On Wednesday night in Havana, Cuba, a tall guy in a t-shirt and basketball shorts started playing catch on the lawn outside the historic Hotel Nacional. The man lazily slow-tossed the ball to his friend as the sun set on the harbor below the famous el Malecón. But then he kept moving further and further back down the lawn, throwing perfect darts from 60, 70, 80 feet away.
Soon, a crowd gathered.
The waiters who had been hustling to set tables for dinner on the patio a few feet away suddenly stopped and looked out at the lawn, then back at one another, completely confused. The guy was throwing heat.
A hotel guest ran over and asked in disbelief, “Is that … Clayton Kershaw?”
It was. The guest did another double-take and then fumbled for his phone.
“What is Clayton Kershaw doing in Cuba?!”
Well, he was having a catch, for starters. But he was also a part of a historic MLB goodwill trip that welcomed Cuban defectors Yasiel Puig, José Abreu, Alexei Ramírez and Brayan Peña home for the first time.
When Kershaw finished his pitching session on the lawn, the crowd clapped and thanked him, still in disbelief.
“Gracias! Gracias! Thank you! Amazing!”
Some were moved to tears.
It became a running theme. Everywhere the players went in Cuba, there seemed to be tears — from friends, family and fans. The Players’ Tribune was on hand to capture the raw emotion of the week.
An Industriales Havana fan gets emotional while meeting José Abreu outside the Hotel Nacional. The man cried for several minutes while Abreu hugged him. Later, we asked another fan why Abreu seems to mean so much to Cuban fans.
“Big shoulders. Big arms,” he said. Then he pointed to his chest. “Bigger heart.”
MLB Chief Officer Joe Torre enjoys a cigar and takes in the local scenery on the bus to a youth baseball clinic in Matanzas, providing a running commentary on the exact models of the lime green and powder blue ’50s-era cars lining the streets.
Dave Winfield pulls off the delicate backpack/camera double play before boarding the bus. His photography game was Hall of Fame worthy for the duration of the trip.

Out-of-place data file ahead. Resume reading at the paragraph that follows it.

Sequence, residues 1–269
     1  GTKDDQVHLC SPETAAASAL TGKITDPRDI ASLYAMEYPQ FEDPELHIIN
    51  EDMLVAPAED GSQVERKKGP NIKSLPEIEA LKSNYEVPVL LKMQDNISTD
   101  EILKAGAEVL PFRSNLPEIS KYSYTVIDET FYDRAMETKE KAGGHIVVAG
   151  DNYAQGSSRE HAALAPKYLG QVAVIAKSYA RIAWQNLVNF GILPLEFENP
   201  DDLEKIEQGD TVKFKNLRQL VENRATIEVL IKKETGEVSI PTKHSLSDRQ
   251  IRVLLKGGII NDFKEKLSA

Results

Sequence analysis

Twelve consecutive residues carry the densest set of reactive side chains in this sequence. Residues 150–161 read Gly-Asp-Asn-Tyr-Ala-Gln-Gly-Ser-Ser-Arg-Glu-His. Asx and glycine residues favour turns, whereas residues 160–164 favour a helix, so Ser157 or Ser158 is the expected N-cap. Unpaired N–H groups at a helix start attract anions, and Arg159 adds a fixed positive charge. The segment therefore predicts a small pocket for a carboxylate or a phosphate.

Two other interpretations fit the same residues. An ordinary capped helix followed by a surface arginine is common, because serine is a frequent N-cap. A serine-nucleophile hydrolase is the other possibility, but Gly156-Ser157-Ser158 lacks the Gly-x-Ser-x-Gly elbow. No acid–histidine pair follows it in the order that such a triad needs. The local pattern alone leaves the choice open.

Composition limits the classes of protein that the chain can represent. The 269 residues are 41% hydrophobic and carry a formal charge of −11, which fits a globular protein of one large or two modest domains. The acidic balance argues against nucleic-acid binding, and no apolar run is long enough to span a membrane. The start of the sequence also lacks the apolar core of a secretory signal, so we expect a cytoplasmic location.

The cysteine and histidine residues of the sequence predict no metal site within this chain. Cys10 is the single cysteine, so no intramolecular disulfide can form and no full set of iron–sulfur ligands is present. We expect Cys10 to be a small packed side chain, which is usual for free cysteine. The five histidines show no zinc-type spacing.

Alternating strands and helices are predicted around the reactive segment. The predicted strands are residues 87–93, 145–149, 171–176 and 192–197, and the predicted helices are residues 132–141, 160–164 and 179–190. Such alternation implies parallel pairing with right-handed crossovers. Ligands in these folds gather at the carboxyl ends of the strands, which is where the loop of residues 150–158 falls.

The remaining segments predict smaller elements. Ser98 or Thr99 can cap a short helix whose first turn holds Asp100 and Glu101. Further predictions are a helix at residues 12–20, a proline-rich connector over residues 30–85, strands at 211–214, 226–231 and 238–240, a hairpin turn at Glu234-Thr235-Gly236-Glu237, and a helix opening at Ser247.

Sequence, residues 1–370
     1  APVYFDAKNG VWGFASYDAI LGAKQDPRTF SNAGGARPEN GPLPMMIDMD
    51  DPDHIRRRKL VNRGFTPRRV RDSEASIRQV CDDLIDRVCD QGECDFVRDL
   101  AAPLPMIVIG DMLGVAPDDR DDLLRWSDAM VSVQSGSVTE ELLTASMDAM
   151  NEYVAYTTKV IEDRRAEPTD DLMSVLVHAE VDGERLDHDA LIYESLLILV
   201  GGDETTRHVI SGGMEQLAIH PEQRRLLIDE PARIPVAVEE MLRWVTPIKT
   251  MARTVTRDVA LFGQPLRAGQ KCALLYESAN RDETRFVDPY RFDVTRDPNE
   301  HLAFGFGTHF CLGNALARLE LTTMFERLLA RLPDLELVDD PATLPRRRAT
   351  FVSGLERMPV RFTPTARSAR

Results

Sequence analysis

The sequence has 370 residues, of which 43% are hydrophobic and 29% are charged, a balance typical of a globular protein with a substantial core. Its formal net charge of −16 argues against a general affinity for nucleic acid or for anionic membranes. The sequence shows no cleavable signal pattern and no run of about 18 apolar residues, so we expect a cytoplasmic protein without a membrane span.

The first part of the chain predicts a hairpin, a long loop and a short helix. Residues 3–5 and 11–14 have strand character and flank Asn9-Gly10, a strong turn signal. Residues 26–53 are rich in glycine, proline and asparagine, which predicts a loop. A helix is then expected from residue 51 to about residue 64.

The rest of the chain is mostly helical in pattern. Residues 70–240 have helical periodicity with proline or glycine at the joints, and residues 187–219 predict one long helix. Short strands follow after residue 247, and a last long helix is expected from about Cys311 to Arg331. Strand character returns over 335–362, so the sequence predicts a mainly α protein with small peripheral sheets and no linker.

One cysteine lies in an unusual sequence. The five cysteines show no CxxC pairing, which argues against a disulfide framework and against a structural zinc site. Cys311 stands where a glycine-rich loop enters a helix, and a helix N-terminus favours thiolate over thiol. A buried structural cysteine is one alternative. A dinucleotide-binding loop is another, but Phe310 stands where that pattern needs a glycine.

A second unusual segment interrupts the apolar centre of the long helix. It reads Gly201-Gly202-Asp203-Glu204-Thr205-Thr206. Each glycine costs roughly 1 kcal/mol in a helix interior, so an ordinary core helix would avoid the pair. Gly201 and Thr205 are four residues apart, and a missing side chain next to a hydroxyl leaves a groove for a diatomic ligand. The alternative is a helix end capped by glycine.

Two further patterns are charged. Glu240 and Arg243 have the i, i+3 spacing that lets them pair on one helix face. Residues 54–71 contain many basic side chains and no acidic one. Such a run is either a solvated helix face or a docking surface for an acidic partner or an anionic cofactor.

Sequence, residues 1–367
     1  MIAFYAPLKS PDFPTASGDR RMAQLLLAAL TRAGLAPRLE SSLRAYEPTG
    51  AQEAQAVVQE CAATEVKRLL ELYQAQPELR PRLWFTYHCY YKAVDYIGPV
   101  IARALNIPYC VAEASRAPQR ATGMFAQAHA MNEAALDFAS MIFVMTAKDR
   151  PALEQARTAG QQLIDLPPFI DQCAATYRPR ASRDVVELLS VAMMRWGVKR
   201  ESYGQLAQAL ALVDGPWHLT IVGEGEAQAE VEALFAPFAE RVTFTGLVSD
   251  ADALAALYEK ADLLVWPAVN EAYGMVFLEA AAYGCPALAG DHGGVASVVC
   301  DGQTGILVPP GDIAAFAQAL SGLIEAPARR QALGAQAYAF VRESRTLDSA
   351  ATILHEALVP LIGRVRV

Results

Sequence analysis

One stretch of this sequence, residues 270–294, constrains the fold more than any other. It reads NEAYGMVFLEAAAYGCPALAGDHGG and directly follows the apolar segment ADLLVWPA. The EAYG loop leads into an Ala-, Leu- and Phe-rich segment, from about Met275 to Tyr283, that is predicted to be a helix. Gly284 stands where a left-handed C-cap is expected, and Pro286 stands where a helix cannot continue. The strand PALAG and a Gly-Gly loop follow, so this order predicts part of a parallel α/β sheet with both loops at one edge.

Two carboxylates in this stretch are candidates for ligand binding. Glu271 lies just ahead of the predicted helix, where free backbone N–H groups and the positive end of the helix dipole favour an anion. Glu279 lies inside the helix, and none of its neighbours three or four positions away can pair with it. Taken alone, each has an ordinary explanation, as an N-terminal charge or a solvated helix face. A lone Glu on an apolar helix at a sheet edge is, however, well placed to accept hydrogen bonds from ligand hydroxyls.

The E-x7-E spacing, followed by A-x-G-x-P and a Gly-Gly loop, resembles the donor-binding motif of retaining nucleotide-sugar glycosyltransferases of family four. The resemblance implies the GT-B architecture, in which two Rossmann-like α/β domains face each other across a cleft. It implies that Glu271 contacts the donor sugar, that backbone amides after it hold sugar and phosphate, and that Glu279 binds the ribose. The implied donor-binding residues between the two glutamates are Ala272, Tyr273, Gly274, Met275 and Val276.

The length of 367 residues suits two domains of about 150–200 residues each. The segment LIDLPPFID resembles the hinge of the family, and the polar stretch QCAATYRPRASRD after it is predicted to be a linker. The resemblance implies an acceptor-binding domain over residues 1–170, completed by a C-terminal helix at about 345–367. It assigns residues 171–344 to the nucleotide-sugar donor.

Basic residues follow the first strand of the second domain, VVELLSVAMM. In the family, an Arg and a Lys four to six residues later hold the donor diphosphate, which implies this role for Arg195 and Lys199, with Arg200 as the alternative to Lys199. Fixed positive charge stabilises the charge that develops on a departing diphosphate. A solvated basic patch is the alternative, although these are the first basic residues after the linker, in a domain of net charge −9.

After the two-hour bus ride, Alexei Ramírez high-fives the crowd on the way in to the stadium in Matanzas. Some in the crowd had been waiting for hours to greet the players, and one little Industriales fan had enough standing around for one day.
Abreu hugs a crying man while entering the stadium. In Cuba, nobody calls him “José.” Everybody yells out, “Pito! Pito!” José got the nickname, which means “little whistle,” because as a kid he used to follow his uncle around, begging him to play his guitar.
Seattle Mariners outfielder Nelson Cruz enjoys a cafe cubano in the players’ lounge before taking the field
Yasiel Puig walks through the cavernous dugout to the field.
Estadio Victoria de Girón was built in 1977 and is the home of the Matanzas Cocodrilos.
There are no advertisements at the stadium, only painted slogans and portraits of baseball heroes from the past.
The self-proclaimed “Godmother of the Cocodrilos” yells for Clayton Kershaw and Yasiel Puig. When Puig waved to her, she shouted, “Hey, you better behave in America! Be good!”
A total of 150 local 13-year-olds participated in the clinic. When asked who their favorite player was, many said players from the Cuban League.